These cells are classified as blood cells because they can be cultivated in the lab from specific white blood cells called monocytes. “Therefore, it has been regarded as established that macrophages also arise from stem cells in the bone marrow,” says Hans-Reimer Rodewald from the German Cancer Research Center (Deutsches Krebsforschungszentrum, DKFZ). “Our new results now challenge this textbook view.”

The first blood cells are generated in the yolk sac, a special tissue that provides nutrients to the fetus during early embryonic development and later disappears. When that happens the fetal liver first takes over the vital task of providing a continuous supply of new red and white blood cells; later the bone marrow steps in. “We wanted to know whether this also holds true for macrophages that reside in tissue,” says Rodewald, “because evidence suggested that these special cells might also have other origins.”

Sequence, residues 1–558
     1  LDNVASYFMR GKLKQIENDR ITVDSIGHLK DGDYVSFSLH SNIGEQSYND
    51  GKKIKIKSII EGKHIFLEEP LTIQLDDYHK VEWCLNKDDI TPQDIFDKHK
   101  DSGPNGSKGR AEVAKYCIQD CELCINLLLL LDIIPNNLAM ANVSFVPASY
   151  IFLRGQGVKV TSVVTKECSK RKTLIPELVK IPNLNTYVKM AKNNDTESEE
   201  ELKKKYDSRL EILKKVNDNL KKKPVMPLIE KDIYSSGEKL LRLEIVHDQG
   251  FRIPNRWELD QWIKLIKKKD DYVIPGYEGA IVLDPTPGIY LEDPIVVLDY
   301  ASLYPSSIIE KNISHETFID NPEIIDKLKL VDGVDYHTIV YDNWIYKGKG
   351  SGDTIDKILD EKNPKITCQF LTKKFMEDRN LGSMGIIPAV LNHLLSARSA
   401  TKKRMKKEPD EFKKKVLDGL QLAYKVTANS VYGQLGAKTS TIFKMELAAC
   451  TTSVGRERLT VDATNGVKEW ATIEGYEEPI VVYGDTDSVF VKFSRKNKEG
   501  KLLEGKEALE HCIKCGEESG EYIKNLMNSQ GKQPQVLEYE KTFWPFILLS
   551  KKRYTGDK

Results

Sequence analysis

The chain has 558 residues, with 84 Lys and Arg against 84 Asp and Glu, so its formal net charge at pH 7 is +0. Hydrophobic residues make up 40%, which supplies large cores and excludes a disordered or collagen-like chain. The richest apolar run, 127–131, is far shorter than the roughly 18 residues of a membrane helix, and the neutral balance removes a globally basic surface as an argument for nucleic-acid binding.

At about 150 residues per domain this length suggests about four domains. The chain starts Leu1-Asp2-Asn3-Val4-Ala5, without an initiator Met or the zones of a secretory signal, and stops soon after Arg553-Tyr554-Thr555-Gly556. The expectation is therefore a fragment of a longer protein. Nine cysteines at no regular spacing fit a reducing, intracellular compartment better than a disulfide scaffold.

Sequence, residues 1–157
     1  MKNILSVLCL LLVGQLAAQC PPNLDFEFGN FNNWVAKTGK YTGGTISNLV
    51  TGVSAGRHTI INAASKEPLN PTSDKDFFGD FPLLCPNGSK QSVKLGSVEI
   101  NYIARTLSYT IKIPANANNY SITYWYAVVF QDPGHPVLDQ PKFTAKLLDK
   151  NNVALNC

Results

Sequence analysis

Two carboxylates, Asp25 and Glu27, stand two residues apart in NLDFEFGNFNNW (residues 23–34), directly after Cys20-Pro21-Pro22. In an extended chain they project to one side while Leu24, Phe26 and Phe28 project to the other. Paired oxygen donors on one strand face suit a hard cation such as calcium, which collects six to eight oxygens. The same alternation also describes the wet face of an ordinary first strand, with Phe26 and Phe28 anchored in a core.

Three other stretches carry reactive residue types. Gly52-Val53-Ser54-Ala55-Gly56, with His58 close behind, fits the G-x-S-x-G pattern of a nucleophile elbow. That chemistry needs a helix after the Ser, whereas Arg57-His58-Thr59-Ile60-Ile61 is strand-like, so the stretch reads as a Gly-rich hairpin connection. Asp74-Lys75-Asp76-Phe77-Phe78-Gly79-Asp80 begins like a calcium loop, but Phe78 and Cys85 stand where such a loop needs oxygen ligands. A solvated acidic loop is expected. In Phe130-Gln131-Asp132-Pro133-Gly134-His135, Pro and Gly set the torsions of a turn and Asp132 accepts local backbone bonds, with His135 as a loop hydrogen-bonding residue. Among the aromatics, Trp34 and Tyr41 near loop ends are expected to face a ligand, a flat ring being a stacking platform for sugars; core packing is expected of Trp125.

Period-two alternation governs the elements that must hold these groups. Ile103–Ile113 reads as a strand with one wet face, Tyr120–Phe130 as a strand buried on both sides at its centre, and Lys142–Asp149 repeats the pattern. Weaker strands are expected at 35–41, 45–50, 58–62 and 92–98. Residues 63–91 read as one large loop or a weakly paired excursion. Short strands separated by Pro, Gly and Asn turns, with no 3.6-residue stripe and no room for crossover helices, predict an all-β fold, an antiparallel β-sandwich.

The scientists in Rodewald’s team labeled progenitor cells with a fluorescent protein in order to identify the point in development when macrophages form and the tissue in which this happens. To dye the cells, they used a special gene switch that had been developed by Katrin Busch, a PhD student in Rodewald’s lab. “We could see that the tissue-resident macrophages form very early in the embryonic phase from progenitors in the yolk sac,“ says Kay Klapproth, one of the two first authors of the study. “This runs counter to what we have believed until now. It shows that macrophages are not supplied from the bone marrow, but renew themselves independently in the tissue where they reside.”